The AYK TC is requesting DOI and DOC assist in prioritizing Tribal participation in ecosystem conservation and cooperative management; facilitating systematic change to ensure Tribal participation in federal fisheries decision-making bodies; establishing a salmon recovery program; and identifying and designating Indigenous protected areas/ecological marine conservation areas.
Vivian Korthuis is the CEO of AVCP, an inter-Tribal non-profit consortium based in Bethel, Alaska, and controlled by 56 federally recognized Tribes. We provide human, social, and other culturally relevant services to our member Tribes, which are located in villages throughout the Yukon-Kuskokwim Delta in an area of approximately 59,000 square miles. We have and continue to be fully committed to advocating for the protection of the Bering Sea and its resources.
Melanie Bahnke is the CEO of Kawerak, Inc., a regional Native Non-Profit consortium for the Bering Straits region, provides social, educational, construction, and other services to the people of the Bering Straits region on behalf of the region’s 20 Tribal governments. Teaching subsistence values and preserving the subsistence way of life of the people in the region – who are primarily Inupiat, Yup’ik, and St. Lawrence Island Yupik – are among our core priorities.
Mary Peltola is the Executive Director of KRITFC, which represents the interests of the 33 federally recognized Tribal governments in the Kuskokwim River region in fisheries assessment and sustainable fisheries management. Tribally-appointed fish commissioners, executive council members, and in-season managers combine Traditional Knowledge and western science to conservatively manage Kuskokwim fisheries according to Yupik and Athabascan Dene values. The values at the core of our work are social and environmental justice, equitable and sustainable salmon harvests throughout the watershed, and unity as one fishing people along the Kuskokwim River.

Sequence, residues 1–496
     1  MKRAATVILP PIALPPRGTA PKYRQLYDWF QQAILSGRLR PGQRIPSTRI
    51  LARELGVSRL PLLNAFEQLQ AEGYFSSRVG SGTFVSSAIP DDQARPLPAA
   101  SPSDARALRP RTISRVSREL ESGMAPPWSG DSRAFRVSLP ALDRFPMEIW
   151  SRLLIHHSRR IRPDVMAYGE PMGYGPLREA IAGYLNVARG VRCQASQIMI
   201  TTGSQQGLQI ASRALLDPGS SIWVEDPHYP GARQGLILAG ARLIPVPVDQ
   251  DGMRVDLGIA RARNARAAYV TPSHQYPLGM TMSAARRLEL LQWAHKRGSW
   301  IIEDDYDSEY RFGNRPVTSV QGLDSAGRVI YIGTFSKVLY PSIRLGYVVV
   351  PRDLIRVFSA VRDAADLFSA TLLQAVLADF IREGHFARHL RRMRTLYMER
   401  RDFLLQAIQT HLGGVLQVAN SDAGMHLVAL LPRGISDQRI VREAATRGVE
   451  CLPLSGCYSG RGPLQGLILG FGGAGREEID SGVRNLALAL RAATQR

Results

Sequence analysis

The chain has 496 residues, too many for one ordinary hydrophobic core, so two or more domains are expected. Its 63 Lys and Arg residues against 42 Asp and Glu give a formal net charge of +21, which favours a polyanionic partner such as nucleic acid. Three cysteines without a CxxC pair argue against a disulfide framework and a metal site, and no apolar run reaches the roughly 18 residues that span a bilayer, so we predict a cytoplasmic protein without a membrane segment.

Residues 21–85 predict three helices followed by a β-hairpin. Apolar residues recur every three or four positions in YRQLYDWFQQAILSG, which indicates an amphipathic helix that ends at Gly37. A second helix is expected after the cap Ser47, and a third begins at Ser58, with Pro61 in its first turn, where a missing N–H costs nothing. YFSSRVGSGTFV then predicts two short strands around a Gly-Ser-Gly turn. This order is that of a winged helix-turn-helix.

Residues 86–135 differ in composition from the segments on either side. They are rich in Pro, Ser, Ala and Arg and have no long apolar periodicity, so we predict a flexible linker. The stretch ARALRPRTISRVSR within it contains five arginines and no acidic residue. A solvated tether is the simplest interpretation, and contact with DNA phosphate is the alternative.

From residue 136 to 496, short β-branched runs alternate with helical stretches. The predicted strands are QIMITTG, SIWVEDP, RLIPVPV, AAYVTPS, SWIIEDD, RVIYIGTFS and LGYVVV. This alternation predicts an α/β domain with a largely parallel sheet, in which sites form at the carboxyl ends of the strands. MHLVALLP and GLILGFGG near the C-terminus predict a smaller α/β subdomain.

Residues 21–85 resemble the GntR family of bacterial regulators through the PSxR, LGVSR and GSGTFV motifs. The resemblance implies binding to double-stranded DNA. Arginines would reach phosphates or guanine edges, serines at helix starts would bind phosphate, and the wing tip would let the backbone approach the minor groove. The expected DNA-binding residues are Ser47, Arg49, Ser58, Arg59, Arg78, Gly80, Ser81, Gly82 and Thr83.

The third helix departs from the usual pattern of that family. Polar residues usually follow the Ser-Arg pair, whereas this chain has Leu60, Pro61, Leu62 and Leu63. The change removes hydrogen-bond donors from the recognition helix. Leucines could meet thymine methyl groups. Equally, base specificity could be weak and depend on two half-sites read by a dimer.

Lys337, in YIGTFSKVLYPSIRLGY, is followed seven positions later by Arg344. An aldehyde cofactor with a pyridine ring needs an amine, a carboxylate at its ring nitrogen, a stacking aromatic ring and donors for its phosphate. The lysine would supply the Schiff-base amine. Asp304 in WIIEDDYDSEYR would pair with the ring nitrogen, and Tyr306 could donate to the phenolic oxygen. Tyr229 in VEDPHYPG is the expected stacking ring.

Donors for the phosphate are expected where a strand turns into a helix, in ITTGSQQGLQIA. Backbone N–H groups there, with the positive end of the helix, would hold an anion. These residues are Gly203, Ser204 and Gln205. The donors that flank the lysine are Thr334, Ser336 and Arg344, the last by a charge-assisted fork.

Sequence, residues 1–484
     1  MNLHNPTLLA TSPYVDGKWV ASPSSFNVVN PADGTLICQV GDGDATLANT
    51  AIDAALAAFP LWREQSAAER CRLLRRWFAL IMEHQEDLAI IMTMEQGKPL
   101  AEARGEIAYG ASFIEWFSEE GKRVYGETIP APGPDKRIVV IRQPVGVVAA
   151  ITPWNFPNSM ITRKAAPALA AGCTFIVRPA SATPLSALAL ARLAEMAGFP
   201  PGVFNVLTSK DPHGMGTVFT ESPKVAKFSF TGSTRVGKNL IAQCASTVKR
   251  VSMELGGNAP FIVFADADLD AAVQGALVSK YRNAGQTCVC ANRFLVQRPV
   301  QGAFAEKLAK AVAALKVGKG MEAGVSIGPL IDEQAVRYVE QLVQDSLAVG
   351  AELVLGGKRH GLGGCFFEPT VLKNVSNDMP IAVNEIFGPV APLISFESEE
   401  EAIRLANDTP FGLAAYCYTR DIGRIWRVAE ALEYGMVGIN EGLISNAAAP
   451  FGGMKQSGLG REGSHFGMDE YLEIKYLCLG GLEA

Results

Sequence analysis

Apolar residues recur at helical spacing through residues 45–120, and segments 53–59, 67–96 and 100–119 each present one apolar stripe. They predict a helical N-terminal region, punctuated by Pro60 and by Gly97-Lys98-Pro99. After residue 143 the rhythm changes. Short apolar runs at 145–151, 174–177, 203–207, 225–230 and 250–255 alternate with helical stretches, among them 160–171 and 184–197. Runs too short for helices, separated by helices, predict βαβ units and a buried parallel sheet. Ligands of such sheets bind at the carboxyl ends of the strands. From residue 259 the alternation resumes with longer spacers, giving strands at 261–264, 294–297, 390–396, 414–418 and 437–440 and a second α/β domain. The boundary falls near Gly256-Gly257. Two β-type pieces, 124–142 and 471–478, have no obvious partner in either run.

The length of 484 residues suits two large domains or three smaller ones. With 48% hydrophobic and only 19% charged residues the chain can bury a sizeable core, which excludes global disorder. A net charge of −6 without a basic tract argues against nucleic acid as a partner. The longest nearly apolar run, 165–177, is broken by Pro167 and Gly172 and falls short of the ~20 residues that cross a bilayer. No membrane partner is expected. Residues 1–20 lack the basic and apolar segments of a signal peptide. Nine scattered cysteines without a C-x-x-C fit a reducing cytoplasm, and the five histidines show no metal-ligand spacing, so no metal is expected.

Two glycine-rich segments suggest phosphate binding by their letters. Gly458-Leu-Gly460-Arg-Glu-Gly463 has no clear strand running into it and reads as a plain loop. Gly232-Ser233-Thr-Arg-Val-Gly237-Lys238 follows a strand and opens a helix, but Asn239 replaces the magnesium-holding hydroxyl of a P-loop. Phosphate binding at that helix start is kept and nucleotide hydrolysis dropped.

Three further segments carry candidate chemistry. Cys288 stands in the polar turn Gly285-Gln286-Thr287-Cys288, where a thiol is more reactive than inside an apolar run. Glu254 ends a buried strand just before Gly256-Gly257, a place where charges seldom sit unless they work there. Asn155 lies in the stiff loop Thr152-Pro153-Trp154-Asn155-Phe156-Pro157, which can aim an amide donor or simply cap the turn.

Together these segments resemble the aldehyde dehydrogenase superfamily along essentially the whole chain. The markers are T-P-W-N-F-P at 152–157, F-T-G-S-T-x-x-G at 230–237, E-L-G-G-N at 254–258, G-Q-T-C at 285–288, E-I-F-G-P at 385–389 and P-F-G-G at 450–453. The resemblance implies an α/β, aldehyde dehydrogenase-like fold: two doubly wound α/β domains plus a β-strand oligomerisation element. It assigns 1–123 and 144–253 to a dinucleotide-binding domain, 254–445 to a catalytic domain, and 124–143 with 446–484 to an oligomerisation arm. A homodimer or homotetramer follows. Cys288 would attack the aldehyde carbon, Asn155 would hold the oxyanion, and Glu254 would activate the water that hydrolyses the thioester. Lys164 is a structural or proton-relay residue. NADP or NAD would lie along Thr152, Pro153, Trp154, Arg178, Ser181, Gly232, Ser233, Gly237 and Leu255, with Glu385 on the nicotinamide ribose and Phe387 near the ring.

Brian Ridley is the Acting President of TCC, an Alaska Native non-profit corporation, also organized as Dena’ Nena’ Henash or “Our Land Speaks”. We are a consortium of 42 federally recognized tribes of interior Alaska. We work to meet the health and social service needs of Tribal members and beneficiaries throughout our region. We provide a unified voice for our tribal governments’ by advancing economic and social development, supporting physical, and mental wellness, designing education opportunities and protecting language, and traditional and cultural values.
Brooke Woods is the Chair of YRITFC, which was founded on Tribal unity for the health and well-being of Tribal members, future generations, and all Alaskans and Canadians who rely on the health of the Yukon River fisheries. We are committed to conserving, restoring, and providing for Tribal use of fisheries based on indigenous knowledge systems, scientific principles, and sound management. We represent 28 federally recognized Tribes along the Yukon River in Alaska, from Kotlik to Eagle. Our geographic area covers the following ANILCA federal lands and waters used by the member Tribes: Yukon Delta, Koyukuk, Innoko, Nowitna, Kanuti, and Yukon Flats National Wildlife Refuges and the Yukon-Charley Rivers National Preserve.